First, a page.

GW law Professor Jonathan Turley described his day of testifying before the House Judiciary Committee Monday as “just an extraordinary day.”
Turley was part of a group of academics and historians who were asked by legislators to determine what presidential actions should be considered “high crimes and misdemeanors” under the Constitution’s impeachment clause.
While Turley and other scholars said they expected plenty of disagreement on the subject, he said the atmosphere on Capitol Hill was “marvelous.”
“Just being among people with such a shared passion was wonderful,” Turley said. “The debate never became hostile.”
Turley said all the witnesses understood the magnitude of their role in helping set a longstanding precedent.
Turley was the final witness to testify, mapping out his interpretation of the Constitution’s impeachment clause in about 80 typed pages.
Turley said the thrust of his testimony hinged upon the words of Alexander Hamilton, who insisted an impeachment vote should go before the Senate. He said the House would not be fulfilling its constitutional duty if it did not send the matter for a Senate vote.
To dig deeper into the intentions of the framers of the Constitution, Turley said the group testifying had to look back in time at what the nation’s forefathers had in mind.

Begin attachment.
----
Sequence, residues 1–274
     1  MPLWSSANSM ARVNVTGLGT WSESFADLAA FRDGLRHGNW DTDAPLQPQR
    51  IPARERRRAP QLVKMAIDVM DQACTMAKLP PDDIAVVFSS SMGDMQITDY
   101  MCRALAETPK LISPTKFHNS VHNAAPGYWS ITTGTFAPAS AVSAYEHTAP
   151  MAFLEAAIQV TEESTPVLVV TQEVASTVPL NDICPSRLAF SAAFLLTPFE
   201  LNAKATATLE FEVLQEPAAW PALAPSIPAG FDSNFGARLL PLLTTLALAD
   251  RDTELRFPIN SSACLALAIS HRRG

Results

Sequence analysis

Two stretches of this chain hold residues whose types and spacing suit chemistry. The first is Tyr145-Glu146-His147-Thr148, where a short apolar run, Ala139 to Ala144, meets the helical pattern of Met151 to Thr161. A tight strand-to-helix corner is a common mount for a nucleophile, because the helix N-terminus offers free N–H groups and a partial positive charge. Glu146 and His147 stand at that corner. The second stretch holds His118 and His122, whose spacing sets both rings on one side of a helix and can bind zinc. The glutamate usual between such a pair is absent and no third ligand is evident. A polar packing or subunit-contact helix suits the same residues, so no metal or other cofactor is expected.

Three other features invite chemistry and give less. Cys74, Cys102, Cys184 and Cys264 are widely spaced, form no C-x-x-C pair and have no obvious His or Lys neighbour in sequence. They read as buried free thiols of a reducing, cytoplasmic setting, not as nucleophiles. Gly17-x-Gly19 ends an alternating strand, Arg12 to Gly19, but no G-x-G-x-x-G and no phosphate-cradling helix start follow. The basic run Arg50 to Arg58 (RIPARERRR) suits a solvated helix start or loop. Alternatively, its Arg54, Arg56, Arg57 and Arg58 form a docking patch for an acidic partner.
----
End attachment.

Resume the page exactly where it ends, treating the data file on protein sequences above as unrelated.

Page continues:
As debate spilled over into the halls of Congress, Turley said the scene conjured up images that virtually made the framers come to life.
“People got so engrossed in their arguments that they almost seemed to be taking on the persona of particular framers,” Turley said. “In fact, at one point I thought I actually saw James Madison and George Mason duking it out in the Rayburn House Office Building.”
Because of the vague and brief nature of the impeachment clause, much of the debate focused on small, seemingly insignificant details of the clause, Turley said.
“We spent a great deal of time arguing over James Madison’s state of mind on Sept. 8, 1787,” Turley said.
Turley said he took several of his law students to watch the debate but got only one student into the hearing. The remaining students sat in a House of Representatives committee room to observe the day’s events.
In light of the recent resignation of House Speaker Newt Gingrich (R-Ga.), Turley said he thinks President Clinton’s impeachment is unlikely.
“I think it simply added a bit of a chaotic element,” he said. “I have faith that the right thing will be done.”